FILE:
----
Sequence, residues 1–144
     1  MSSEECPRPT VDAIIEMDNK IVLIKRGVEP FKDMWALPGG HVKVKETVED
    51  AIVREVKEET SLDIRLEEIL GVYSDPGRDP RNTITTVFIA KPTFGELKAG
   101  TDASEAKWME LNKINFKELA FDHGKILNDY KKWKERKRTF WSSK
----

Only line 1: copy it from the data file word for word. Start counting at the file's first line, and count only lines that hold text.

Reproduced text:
Sequence, residues 1–144